I do some yoga, lots of exercise, journal writing, and lots of volunteer work. As a recovering alcoholic, I try to help others. Recovery, inc taught me cognitive therapy.

  14. yay Jim! Thanks so much for stopping by. I would love to hear more of your story if you feel so inclined shoot me an email!

    giannakali (at) gmail (dot) com

  15. All of these comments are interesting and true. People are different. They look different on the outside; I’m sure their chemistries and nervous systems are not identical. I have met, read about and/or heard of many people who recover from mental illness with just a few pills. On the other hand, I have met, read about, and/or heard of many who obtained little or not relief from many types of pills. While pills were not the answer to my mental illness, exercise and cognitive therapy provided saved my life. All of us should allow people to use whatever helps. I would like to push exercise on everyone with depression, but many would never do exercise. People with bad physical health will not exercise, no matter what their doctor advises.

    My big complaint with mental health professionals is that the patient is seldom told that there are a variety of alternative treatments which have been proven to work.

    I see it as my responsibility to my fellow humans to say that I once was very sick, but gained a measure of recovery with alternative methods. People suffering with mental illness need examples to show them that recovery is possible. When a possible alcoholic attends his first AA meeting, he/she is shown a room full of recovering alcoholics. I would like the same thing to happen with the mentally ill.
    Jim S

  16. My big complaint with mental health professionals is that the patient is seldom told that there are a variety of alternative treatments which have been proven to work.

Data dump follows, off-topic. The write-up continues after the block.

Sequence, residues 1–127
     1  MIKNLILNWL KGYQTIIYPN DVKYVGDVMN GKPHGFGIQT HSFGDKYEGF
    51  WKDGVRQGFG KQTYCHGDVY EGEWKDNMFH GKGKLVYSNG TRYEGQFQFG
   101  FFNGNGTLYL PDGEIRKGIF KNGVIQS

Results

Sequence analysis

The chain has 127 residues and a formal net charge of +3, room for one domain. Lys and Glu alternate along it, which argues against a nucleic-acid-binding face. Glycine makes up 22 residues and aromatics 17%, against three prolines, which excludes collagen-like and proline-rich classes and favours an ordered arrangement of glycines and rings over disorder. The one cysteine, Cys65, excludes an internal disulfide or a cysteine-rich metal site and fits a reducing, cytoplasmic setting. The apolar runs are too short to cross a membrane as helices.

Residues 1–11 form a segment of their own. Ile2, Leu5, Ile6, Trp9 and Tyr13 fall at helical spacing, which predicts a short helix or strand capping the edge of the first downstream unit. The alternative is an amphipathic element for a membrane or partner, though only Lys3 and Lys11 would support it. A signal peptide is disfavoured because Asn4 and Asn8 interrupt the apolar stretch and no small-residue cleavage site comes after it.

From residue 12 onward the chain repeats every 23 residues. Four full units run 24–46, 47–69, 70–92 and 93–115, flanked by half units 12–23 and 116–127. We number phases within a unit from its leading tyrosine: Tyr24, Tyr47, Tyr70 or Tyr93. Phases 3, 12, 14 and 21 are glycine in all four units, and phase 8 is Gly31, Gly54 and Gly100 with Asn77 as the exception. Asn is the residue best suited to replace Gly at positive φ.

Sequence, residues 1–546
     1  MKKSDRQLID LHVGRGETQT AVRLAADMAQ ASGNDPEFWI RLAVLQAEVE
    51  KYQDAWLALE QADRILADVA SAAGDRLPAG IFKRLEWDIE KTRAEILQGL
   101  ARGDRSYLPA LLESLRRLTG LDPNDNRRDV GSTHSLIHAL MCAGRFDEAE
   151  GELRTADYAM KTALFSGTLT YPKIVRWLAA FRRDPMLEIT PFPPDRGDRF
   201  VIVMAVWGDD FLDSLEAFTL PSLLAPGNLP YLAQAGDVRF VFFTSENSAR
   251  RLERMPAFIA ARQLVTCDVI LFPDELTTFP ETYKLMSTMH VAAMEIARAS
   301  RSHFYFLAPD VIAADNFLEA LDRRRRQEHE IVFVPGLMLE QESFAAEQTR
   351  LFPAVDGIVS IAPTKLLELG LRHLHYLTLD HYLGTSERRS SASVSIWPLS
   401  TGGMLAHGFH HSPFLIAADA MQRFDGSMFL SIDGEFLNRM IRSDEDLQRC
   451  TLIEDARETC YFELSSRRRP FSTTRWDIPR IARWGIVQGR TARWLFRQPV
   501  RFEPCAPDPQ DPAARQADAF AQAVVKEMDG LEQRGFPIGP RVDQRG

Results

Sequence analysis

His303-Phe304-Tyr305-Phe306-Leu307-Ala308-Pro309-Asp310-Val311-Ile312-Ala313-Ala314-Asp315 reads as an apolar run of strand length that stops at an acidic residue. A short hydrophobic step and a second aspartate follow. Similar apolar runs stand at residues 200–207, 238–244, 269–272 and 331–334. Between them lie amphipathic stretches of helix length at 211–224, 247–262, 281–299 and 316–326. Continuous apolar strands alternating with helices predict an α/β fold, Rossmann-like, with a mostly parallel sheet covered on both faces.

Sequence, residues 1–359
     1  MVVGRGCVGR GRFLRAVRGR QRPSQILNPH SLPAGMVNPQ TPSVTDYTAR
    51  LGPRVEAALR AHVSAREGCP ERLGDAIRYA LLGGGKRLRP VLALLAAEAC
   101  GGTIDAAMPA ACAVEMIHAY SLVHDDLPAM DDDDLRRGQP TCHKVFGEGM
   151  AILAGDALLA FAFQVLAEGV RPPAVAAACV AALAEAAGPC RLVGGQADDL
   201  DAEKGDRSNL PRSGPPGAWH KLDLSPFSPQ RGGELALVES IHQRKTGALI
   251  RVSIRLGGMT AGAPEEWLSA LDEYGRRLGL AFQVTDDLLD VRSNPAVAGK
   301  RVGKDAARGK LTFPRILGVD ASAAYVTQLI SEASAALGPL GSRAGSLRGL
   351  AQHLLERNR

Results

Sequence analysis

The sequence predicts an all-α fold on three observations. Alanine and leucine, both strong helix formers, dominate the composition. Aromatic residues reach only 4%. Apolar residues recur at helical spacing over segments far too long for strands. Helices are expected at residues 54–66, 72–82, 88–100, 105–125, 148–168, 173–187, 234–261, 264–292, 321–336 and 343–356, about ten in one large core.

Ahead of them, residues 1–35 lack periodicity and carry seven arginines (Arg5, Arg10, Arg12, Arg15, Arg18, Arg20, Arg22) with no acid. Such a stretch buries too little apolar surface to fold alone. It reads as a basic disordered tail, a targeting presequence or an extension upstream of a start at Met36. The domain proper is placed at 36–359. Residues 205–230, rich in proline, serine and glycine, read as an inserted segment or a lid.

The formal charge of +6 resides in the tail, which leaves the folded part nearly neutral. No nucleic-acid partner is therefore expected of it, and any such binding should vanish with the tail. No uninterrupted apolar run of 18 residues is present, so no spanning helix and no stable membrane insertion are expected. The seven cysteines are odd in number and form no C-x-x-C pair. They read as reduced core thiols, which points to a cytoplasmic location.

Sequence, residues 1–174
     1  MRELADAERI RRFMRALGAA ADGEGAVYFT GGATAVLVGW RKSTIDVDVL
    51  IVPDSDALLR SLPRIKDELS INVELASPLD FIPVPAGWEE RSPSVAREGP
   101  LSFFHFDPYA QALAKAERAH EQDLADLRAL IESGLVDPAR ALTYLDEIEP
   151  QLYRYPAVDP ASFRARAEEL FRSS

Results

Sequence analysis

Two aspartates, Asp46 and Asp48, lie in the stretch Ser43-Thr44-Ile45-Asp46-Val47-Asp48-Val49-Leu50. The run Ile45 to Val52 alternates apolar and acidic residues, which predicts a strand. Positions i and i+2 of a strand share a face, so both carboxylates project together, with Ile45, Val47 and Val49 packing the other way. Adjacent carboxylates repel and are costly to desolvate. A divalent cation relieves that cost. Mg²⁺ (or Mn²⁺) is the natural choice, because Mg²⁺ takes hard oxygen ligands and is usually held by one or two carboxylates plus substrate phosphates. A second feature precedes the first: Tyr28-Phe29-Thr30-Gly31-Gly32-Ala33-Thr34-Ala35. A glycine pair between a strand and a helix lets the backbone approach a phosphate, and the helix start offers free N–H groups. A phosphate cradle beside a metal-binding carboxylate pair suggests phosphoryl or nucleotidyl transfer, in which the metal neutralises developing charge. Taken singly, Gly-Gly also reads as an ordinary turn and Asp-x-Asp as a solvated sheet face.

My issue exactly Jim. For consent to be truly informed options must be given.

    I applaud your sense of responsibility and please feel free to share whatever insights you have on this blog any time you like.

  17. Sloopy Cowbell

    I had a similar experience while I was ‘in the system’.

    A fellow patient vanished from the locked ward. The police were alerted and interviewed the staff and his friends on the ward. They checked his family home, and the homes of acquaintances.

    But noone had a clue where he’d gone.

    The local TV and radio stations ran fear-mongering stories about him.

    The news bulletins showed a dated photograph, and zoomed in on his eyes, as he was repeatedly described as a ‘dangerous mental patient’.

    Viewers were warned that on no account should they approach him if sighted.

    Even the local Labour MP – a hate-filled racist homophobe – wanted a slice of the action.

    The MP whipped up a frenzied media campaign of hatred and hysteria towards psychiatric patients.

    He told the press that he was going to demand action – “mark my words, security is going to be beefed up across the whole mental health system.”

    By now, Patient X had been “on the run” for many months, and with the public growing tired of the story, the media eventually let it go.

    The months past, and Patient X and his whereabouts remained unknown.

    Spring passed, through to Summer, and onwards.

    With the arrival of Autumn, the leaves started to fall.

    As winter approached, and with the trees almost completely bare, the whereabouts of the elusive Patient X, at last, were revealed.

    There he was, thirty or more feet in the air, hanging by a rope from a cedar tree, and barely a hundred yards from the hospital.

    The hapless soul had been hanging there for more than six months.

    The hate-filled MP never did offer condolences.

  18. ^Thank you for telling me to read this G.

    It was great and I would personally like to know more about the organization.

    He sounds like an incredible person.